1. Going as a group or individuals to assigned department or Ministries to seek for favour , including contracts
2. deciding on who gets what contract or employment
What then is the oversight?
Performance Evaluation: The oversight functions consist essentially, among others of examination of the activities of the agency or department in its entirety, to ascertain whether it has achieved the goals set for it. In other words, the examination of the effectiveness efficiency and adequacy of the administration of the department or agency. It also seeks to study the processes within such an organization to ascertain whether due process of the law has been followed.
Evaluation Report: A performance evaluation report with clearly spelt out methodology and findings is written and studied by the committee. Since democracy is essentially and open process, the findings ought to be sent back to the effected agency / institution for its comments.
Submission of Report: A final report (including the response of the effected agency) is made and submitted to the parliament.
Recommendation: As clearly stated in the 1999 constitution, the purpose of such oversight functions is to improve the law and legal process. Proposed statutes or charges being made to the law arise from such studies. It must be clearly stated that no parliamentary oversight function is said to have been concluded without the submission of a comprehensive report to the parliament. Oversight functions are routine process of the legislature.
Conditions implementing oversight functions
When the National Assembly was inaugurated in 1999 the atmosphere was not conducive for its proper functioning. The situation was compounded by the fact that there was no precedence and the bitter conflicts-which resulted in the change of the leaderships of the national assembly, did not provide the atmosphere for proper discussions. The rancor provided cover for members to shy away from their constitutional and legislative functions.
The National Assembly itself did not have staff with the proper training and qualifications to handle legislative processes. Secondly, members of the national assembly largely failed to employ staff with the requisite experience and training to be their legislative aids. Some did not even employ and staff. The National Assembly Service Commission which was legislated into being in the year 2000 had remedied the situation by recruiting new staff and requiring legislators to employ qualified staff-whose tenure security and employments are now guaranteed.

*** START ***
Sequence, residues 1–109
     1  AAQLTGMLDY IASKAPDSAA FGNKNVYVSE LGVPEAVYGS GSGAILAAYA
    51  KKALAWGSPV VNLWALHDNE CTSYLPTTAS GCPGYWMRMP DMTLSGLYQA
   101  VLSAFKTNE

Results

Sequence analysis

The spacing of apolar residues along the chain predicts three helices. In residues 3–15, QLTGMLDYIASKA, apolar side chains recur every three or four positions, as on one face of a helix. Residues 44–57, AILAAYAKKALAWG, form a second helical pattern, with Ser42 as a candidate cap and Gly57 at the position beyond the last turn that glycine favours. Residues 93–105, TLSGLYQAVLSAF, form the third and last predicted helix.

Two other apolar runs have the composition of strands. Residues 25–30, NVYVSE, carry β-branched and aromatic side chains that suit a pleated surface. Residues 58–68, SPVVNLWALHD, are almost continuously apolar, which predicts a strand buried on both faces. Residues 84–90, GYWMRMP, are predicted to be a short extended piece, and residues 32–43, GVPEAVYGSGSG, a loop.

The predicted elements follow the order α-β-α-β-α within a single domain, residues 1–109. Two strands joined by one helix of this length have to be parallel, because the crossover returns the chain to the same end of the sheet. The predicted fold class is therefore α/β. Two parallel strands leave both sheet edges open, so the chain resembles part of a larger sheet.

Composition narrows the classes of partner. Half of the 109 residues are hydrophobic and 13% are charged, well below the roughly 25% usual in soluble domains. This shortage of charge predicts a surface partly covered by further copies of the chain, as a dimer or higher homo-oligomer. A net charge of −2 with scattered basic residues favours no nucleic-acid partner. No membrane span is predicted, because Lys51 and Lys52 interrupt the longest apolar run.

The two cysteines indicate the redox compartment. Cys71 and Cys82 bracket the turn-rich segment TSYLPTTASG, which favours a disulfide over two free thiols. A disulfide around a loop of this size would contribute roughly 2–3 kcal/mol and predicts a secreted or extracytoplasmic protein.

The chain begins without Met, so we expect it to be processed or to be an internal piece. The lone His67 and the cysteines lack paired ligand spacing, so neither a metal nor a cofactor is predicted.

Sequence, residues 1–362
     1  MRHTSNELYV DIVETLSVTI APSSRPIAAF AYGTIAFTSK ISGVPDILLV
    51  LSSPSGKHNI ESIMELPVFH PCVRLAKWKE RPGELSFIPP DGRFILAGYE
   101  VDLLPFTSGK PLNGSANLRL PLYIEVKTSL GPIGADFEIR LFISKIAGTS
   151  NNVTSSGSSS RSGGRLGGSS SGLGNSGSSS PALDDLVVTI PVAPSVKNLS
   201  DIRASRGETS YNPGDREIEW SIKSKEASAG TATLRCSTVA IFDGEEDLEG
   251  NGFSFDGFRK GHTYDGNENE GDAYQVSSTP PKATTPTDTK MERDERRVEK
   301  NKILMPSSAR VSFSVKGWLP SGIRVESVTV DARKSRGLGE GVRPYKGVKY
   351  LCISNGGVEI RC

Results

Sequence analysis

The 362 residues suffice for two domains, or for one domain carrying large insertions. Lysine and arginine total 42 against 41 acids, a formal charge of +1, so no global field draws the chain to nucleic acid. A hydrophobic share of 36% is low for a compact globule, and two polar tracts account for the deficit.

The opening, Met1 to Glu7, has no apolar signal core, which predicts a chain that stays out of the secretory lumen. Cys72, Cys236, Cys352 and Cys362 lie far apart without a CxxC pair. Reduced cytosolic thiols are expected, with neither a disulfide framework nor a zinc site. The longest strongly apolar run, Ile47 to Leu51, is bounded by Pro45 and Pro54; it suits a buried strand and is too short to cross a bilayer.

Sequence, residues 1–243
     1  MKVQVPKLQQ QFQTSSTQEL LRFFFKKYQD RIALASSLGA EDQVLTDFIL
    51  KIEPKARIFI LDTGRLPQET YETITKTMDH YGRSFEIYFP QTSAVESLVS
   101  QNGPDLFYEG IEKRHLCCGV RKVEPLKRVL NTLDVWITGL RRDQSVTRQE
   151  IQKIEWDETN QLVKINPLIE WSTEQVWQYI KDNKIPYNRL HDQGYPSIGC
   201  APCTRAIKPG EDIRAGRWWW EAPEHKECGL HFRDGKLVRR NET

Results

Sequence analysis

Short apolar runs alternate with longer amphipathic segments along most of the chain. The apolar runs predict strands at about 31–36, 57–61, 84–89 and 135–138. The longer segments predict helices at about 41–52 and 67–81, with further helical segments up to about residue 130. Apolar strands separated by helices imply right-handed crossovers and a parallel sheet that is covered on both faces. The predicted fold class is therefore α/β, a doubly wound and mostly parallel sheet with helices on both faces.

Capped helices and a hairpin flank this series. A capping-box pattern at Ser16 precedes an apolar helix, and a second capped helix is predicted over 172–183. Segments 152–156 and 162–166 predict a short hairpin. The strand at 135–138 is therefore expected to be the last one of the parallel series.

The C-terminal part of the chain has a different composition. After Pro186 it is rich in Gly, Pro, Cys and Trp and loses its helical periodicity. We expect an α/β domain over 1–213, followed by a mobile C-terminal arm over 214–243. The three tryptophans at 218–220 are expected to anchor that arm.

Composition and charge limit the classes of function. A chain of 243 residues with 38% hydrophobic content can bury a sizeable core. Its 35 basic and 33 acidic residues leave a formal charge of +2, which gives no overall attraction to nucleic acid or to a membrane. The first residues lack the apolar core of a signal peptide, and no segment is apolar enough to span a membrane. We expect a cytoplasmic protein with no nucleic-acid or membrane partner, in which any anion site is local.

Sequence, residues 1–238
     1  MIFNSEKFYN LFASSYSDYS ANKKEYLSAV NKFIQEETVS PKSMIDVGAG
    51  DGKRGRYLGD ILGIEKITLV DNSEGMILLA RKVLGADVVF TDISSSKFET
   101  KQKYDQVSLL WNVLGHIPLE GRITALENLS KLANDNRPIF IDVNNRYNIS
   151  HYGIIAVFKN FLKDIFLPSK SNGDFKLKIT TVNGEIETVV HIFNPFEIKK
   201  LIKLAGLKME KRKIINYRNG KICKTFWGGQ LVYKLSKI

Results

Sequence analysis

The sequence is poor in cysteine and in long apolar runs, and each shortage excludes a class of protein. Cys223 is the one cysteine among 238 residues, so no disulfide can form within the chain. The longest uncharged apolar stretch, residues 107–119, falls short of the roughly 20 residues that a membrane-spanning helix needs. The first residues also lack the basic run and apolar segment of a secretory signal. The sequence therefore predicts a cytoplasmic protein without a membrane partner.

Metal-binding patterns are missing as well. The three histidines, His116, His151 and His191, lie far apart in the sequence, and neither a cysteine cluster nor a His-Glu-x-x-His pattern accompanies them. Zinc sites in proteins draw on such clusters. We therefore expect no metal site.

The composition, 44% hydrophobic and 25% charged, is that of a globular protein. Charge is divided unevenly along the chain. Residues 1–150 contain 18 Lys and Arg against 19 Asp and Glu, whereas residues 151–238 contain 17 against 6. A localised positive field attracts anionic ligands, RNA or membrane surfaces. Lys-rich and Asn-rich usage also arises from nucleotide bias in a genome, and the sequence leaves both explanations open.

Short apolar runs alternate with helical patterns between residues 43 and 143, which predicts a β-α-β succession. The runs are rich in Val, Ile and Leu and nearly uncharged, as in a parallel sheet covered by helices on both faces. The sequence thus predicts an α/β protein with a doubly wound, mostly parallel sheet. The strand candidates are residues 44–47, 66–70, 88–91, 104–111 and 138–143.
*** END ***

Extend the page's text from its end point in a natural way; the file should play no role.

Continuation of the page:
The National Assembly had provided for constituency officers-and make money available for this. Running a constituency office is not luxury. Constituency offices must not be just decoration for members. They need to be set up and put to proper sue.
Further more the practice in the period 1999-2003 was to exclude legislative aides from committee meetings. They where reduced to bag carrying staff, and not as research assistants.
The leadership of the National Assembly must always remember the reasons why the parliaments arose in the first place: to curtail executive [powers which had retarded rather than strengthen societies. A strong and vibrant parliament which has an independent mind of its own assures the whole society and the outside world that democracy is on course. A strong and independent parliament in our case assures the international community that resources are being properly managed. Even the World Bank, IMF, EU and other multilateral organizations are investing in strong parliaments.
References and Notes
1. Declaration of Rights, February 13, 1689
House of Commons Information Office,
2. House of Parliament. http://www.parliament.uk
3. Governor Fob James, separation of powers- the cornerstone of American democracy, delivered at the American Legislature Council address,August,1995; http://www.positive atheism.org/writ/jamesalec.htm.Vanessa, A Bard and Mark Hurtwitz
4. Can the Supreme Court Ã¢‚¬Å“Go PublicÃ¢‚¬? The influence of the Supreme Court on congress.
5. http://www.unpan.org/information/technical highlights/participants.htm
6. Parliamentary Supremacy, judicial independence. Latimer House Guidelines for the commonwealth. 19 June 1998.
7. Rules of Proceedings of the House of Representatives 1999-2003
8. Constitution of the Federal Republic of Nigeria, 1999.
Paper presented at Capacity Building Retreat for Forum for Democracy and Good Governance, at Confluence Hotel Lokoja, Kogi State. 5-6 September, 2004.